A prophet and teacher who never nagged about them, who never flattered or coaxed or patronized; who never made arch jokes about them, never treated either as “The women, God help us!” or “The ladies, God bless them!”; who rebuked without querulousness and praised without condescension; who took their questions and arguments seriously, who never mapped out their sphere for them, never urged them to be “feminine” or jeered at them for being female; who had no ax to grind and no uneasy male dignity to defend; who took them as he found them and was completely unself-conscious.

They had never known a man like this Man—there had never been such another. Indeed!

What does this have to do with sport?

It doesn’t mean the difficulties will suddenly melt away.

But it is a huge encouragement to go and play, even when it’s not easy.

A woman need not feel she has less of a right to play than a man - we are all created equal in the image of God to use our talents and relationships for His glory - including in sport.

A woman need not be crushed what others might think of her - be that performance, or body, or anything else. A woman can have an identity which can never be stripped away by setbacks or sidelining or sexism. The One whose opinion matters most, the One who created everything, the One who created sport, the One who is in charge of the whole world - makes women in His own image and calls them worthy.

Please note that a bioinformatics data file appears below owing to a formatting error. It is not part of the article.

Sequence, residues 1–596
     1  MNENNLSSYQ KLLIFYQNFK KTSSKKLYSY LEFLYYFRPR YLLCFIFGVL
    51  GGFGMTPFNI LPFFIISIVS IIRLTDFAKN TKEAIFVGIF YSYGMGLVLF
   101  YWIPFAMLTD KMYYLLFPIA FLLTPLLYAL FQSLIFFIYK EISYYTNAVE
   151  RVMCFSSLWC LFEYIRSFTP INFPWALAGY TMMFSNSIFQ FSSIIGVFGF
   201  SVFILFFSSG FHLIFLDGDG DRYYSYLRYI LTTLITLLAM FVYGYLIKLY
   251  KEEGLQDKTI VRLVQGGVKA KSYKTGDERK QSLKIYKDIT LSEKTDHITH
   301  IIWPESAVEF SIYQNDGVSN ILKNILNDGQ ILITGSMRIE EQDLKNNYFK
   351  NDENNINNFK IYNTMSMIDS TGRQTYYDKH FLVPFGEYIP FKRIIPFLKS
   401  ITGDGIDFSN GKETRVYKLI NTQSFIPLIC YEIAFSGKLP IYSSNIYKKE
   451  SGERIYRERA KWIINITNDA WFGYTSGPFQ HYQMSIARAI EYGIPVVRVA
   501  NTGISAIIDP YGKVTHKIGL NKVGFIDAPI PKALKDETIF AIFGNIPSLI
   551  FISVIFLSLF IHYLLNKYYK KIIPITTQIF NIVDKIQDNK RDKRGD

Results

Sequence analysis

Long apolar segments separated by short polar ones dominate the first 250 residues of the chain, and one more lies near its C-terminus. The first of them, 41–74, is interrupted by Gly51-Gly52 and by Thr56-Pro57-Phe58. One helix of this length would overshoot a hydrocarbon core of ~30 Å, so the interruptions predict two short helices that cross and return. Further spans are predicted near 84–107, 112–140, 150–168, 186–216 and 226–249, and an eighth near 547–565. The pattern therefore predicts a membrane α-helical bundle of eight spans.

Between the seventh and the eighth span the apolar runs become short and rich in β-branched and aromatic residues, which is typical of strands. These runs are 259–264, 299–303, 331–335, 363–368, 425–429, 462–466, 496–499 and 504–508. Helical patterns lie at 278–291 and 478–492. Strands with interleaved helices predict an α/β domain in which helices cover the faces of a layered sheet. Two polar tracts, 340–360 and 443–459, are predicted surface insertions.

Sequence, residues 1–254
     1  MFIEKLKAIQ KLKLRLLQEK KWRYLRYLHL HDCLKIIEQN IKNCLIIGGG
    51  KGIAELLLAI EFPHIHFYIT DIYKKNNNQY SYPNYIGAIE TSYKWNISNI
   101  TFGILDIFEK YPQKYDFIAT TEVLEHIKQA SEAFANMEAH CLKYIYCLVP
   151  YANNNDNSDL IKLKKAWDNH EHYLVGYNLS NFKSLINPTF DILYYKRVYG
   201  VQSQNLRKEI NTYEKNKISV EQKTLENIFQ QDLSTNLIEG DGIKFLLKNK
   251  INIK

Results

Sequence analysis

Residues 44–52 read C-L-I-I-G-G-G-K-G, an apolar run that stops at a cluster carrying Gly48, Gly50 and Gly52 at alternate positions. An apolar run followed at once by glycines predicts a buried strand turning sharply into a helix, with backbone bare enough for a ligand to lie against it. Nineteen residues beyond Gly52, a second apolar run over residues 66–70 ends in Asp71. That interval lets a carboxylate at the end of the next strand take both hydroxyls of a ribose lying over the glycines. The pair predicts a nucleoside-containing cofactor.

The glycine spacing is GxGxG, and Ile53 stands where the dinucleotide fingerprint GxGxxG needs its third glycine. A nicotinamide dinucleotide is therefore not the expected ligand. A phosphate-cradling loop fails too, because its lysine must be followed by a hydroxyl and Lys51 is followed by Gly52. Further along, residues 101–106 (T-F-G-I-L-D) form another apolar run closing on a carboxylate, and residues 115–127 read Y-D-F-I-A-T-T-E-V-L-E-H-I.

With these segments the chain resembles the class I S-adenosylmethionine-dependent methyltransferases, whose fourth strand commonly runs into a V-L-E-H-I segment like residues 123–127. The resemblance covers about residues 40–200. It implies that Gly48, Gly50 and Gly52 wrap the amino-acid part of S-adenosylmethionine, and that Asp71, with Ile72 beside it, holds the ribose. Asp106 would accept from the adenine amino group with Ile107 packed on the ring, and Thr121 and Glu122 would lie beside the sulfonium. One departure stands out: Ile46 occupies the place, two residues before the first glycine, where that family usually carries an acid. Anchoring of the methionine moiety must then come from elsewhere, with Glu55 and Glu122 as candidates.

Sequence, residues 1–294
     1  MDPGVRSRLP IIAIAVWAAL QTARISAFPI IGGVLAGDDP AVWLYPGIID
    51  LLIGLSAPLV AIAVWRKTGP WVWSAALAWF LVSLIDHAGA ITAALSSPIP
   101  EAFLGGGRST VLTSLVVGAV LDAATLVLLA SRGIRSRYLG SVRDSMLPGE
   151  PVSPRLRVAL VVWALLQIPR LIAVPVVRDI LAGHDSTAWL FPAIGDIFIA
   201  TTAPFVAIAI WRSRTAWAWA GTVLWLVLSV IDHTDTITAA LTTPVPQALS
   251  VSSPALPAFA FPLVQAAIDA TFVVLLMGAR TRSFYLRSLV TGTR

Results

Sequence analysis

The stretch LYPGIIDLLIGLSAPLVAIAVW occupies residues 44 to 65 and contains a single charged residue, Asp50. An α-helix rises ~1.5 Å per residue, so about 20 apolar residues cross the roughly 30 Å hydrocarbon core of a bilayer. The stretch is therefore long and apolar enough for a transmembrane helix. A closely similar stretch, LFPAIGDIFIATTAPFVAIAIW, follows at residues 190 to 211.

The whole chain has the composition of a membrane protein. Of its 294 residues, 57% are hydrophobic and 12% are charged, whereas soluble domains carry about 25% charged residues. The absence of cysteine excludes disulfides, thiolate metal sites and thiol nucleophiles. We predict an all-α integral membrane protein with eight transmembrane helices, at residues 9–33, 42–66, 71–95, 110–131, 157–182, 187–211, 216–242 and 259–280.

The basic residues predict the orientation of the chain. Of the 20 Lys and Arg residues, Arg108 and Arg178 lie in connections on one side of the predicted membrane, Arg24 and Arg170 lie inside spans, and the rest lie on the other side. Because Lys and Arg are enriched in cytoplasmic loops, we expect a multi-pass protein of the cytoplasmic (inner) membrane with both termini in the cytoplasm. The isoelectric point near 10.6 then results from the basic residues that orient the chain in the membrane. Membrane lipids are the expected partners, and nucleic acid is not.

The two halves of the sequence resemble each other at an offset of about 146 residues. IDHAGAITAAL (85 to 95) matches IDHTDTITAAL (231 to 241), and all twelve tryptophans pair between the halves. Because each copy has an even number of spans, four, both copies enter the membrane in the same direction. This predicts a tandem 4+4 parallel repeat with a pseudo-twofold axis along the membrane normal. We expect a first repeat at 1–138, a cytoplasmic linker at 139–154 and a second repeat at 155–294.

A woman need not define herself by her sport. If for whatever reason sport is hard, less accessible, less of an option in a particular circumstance or season of life - then that is not the end of herself. She is defined by something much deeper than sport - by the King of the universe who was willing to die for her.

It’s not always easy to be a woman in sport.

But do you know what? It’s worth it.

Because sport is an incredible gift from God - for both men and for women - and isn’t it worth it despite the setbacks to go out and run and jump and play? Doesn’t it make you feel alive, especially when you feel the smile of your Creator resting on you as you play for His glory?

Rosie Woodbridge

Rosie is the student worker at Inspire Saint Jame Clerkenwell. She used to play ultimate frisbee but is currently on a break due to her pregnancy.

You can read Rosie's other blogs on Living distinctly in a body obsessed world and A Letter to my body.